Every current Hibs player will be dreaming of savouring their own Ross Caldwell moment in Sunday’s Scottish Cup tie at Tynecastle.
For all that there has been plenty revelry over Paul Hanlon’s late equaliser in last season’s fifth-round match away to Hearts, it is Caldwell who stands as the last man in a green-and-white shirt to score an Edinburgh derby winner on enemy territory.
As a player who has endured a difficult time of it ever since, the 23-year-old still cherishes memories of the day he curled a last-minute effort beyond Jamie MacDonald to secure a dramatic 2-1 victory for Pat Fenlon’s side after Leigh Griffiths’ free-kick had cancelled out Darren Barr’s opener for Gary Locke’s Hearts team in a bottom-six Premiership showdown in May 2013.
In that moment, in his second start for the club and aged just 19, Caldwell became one of only three players – Derek Riordan and Brian Kerr are the others – to experience the thrill of scoring a derby winner for Hibs at Tynecastle in the last decade. “It all just seemed to happen so quickly,” Caldwell told the Evening News as he reflected on his glory moment almost four years on. “When the ball hit the net, I was in shock. It all seemed to go still for a second and then the stadium just erupted. It took a few seconds just to register what had actually happened and how big an occasion it was because it was the first time I’d ever made such a big impact in such a big match. I’ve not watched it back for a wee while, but still to this day I get people occasionally bringing it up and talking about how important a goal it was. The fans really seemed to appreciate it.”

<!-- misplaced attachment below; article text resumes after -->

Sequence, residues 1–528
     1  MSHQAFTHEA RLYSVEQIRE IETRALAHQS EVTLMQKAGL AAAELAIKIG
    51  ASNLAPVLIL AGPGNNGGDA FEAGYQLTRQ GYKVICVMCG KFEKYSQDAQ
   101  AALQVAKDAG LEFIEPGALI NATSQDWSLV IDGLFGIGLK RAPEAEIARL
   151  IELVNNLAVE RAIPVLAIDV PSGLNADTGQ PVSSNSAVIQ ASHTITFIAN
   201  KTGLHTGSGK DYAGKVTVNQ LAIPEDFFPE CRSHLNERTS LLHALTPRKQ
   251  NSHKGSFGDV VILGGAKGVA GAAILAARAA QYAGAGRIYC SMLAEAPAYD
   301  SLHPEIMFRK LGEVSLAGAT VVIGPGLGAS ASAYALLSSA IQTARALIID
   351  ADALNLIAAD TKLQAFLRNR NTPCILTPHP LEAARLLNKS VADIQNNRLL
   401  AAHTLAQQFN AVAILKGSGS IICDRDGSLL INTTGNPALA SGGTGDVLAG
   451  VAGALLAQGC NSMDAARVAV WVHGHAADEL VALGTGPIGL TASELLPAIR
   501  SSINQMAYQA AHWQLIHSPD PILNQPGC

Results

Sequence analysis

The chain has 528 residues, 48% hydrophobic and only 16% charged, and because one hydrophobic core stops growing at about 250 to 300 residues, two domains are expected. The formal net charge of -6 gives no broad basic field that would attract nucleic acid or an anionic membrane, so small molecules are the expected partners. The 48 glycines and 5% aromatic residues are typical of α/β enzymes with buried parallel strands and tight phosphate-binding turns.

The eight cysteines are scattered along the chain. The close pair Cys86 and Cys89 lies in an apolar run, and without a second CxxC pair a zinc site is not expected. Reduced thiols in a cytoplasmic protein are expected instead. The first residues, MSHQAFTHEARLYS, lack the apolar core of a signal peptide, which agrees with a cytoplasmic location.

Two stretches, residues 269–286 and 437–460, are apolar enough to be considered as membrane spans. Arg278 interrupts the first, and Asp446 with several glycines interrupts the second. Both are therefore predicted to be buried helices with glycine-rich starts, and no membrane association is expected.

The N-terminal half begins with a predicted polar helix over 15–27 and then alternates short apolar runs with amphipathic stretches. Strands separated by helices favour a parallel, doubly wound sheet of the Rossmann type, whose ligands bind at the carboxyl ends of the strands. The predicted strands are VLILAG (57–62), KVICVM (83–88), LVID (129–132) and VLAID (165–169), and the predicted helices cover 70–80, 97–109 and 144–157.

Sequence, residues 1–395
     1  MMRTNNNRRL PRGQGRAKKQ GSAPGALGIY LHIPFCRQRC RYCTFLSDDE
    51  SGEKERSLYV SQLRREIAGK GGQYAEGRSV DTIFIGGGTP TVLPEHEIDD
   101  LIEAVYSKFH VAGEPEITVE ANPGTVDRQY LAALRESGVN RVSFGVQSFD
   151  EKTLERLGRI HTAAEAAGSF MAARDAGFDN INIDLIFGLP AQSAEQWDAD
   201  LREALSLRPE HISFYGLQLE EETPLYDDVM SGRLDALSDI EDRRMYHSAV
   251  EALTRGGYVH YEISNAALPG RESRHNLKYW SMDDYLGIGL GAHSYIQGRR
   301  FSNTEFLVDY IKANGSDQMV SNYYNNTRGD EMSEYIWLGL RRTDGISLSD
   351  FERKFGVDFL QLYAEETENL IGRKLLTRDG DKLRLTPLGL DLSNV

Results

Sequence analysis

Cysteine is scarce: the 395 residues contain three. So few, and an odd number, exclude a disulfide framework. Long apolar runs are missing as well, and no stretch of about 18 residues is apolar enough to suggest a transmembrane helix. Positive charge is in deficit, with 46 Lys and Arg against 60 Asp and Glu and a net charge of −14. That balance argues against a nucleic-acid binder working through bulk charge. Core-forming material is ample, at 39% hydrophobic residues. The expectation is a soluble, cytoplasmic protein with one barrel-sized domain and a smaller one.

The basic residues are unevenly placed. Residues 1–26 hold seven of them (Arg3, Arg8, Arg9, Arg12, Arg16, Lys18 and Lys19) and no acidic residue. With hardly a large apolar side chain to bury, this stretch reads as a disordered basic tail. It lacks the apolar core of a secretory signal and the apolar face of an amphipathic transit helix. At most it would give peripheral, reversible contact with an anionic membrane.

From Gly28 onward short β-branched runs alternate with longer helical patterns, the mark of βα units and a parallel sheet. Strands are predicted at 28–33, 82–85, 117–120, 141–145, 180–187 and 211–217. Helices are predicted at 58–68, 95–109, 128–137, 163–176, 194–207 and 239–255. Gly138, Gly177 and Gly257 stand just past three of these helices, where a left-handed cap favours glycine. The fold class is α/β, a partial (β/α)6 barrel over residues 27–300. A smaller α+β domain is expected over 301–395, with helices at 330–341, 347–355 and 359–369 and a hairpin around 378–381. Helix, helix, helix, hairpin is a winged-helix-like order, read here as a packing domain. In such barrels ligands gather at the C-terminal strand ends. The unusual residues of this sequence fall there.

Unfortunately for Caldwell, that was as good as it got for him at Hibs. Although he appeared in four derbies – two wins, a draw and a defeat – as well as the 2013 Scottish Cup final defeat by Celtic and the 2-0 Europa League defeat away to Malmo a couple of months later, the academy graduate was released following the club’s relegation in summer 2014. In total, he accumulated 27 appearances – three from the start – and two goals for Hibs. “That goal against Hearts is the highlight of my career,” said Caldwell, currently with Brechin City. “It was just such an incredible moment. I’ve never done anything to surpass that moment, and I doubt I ever will. I scored the week before [in a 3-3 draw with St Mirren] and then I scored at Tynecastle, so I was hoping that would be the start of a run and I could kick on from there. The only problem was that those goals came near the end of the season so after that we broke up for the summer, and I just couldn’t seem to pick up where I’d left off.”